What would an opening win over Notre Dame mean for Texas A&M football?

Texas A&M football has a tremendous opportunity in their first game of the year.

Sep 17, 2022; College Station, Texas, USA; A view of the stands and the fans and the 12th Man logo
Sep 17, 2022; College Station, Texas, USA; A view of the stands and the fans and the 12th Man logo / Jerome Miron-USA TODAY Sports
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Texas A&M football can announce themselves as 2024 contenders with opening win over Irish

As the college football calendar moves to spring, Texas A&M football fans and college football fans in general are beginning to see more and more early rankings and ratings come out. Rosters are beginning to look more settled after the tumultuous early portal window has closed (though late coaching moves have kept it open in one place or another around the country for quite some time).

Those early rankings, though they are subject to some change over the spring and summer, have cemented what will be a huge opportunity for this Texas A&M football team in their opener. Though the rankings have disrespected A&M with a low placement, they also give the Aggies a chance to make a big impression in their first game.

Notre Dame, the opening opponent for the Aggies, is in the top ten, both by the advanced metrics and the early rankings. Unless they have a huge portal exodus in the spring window—unlikely for any team, if history is our guide—then that is likely to hold into the first official AP top 25 ranking of the season.

The Aggies, on the other hand, are right on the cut line, like I just mentioned. There’s a chance they continue to rise as the hype grows, but even if that is the case, I don’t see them entering the year higher than about the 19-21 range.

This is the perfect storm for the Aggies to announce themselves at the beginning of the Mike Elko era. Notre Dame, as a fringe top-10 squad, are considered a dark-horse playoff contender. With a win at home and an impressive performance by the high-level talent that saturates this Texas A&M football roster, the Aggies can effectively steal that mantle and begin to build excitement right from the very first moment of the season.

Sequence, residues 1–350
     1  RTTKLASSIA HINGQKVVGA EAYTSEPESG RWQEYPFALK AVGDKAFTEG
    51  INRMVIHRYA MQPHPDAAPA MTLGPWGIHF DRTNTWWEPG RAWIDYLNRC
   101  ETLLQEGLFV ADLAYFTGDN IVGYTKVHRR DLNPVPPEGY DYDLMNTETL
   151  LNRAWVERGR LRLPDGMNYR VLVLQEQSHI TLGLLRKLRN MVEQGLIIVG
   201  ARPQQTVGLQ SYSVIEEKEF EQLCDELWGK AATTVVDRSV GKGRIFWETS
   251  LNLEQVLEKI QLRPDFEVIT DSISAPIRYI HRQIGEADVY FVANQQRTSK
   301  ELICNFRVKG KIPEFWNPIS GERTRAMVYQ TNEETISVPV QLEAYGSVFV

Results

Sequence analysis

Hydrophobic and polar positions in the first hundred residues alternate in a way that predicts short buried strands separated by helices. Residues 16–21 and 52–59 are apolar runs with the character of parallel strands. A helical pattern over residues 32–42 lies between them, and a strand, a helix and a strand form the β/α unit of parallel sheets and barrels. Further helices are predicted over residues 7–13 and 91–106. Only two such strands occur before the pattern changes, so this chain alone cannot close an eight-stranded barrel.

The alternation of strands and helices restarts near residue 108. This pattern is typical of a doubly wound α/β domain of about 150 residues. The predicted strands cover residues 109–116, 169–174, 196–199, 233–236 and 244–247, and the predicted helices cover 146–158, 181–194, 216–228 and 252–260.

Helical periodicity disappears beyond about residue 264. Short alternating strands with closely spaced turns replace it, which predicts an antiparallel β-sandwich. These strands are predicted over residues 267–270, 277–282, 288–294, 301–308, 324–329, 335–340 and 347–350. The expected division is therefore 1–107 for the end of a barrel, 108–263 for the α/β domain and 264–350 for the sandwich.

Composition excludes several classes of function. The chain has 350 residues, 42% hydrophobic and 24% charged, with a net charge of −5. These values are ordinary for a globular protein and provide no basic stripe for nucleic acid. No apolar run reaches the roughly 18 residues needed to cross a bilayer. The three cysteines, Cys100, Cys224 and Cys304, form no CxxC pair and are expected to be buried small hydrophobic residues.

This is a big game for narrative purposes, too. I think most Texas A&M football fans are excited to see the welcome changes in both offensive and defensive scheme, as well as what the aforementioned talent will look like when coached well. Most neutral observers will not have paid as close attention to the Aggies over the summer, so this will be an occasion to put the nation on notice in one of the biggest games of opening weekend.

Of course, it’s one thing to talk about it; it’s another thing to go out and do it. This team, as talented as they are, are still unproven. I have full faith in Mike Elko to get this team operating at a higher level than they did under the previous regime, but there are still always bumps in the road with a new coach.

One thing I do know, however, is that the magnitude of this opportunity is not lost on the new head man for the Aggies. Having worked at Notre Dame and faced off against them last year—a game the Blue Devils should have won, by all rights—he understands the challenge they represent, as well as how big a win would be in this game.

After the Irish visit town, the Aggies have a string of lower-profile games. They will travel to Florida, but the Gators should be pretty bad. This is the first game where the eyes of the nation will be on College Station, and a loss could relegate the Ags to an afterthought until the next time they play a big game—possibly not until late October vs. LSU, pending how Missouri starts off the season (the Tigers visit College Station in the fifth game of the year). 

A win, though, would be a proof of concept for the first year coach, an announcement that things have changed for the Maroon and White, and will go a long way when the CFP selection committee begins to gather later in the year.

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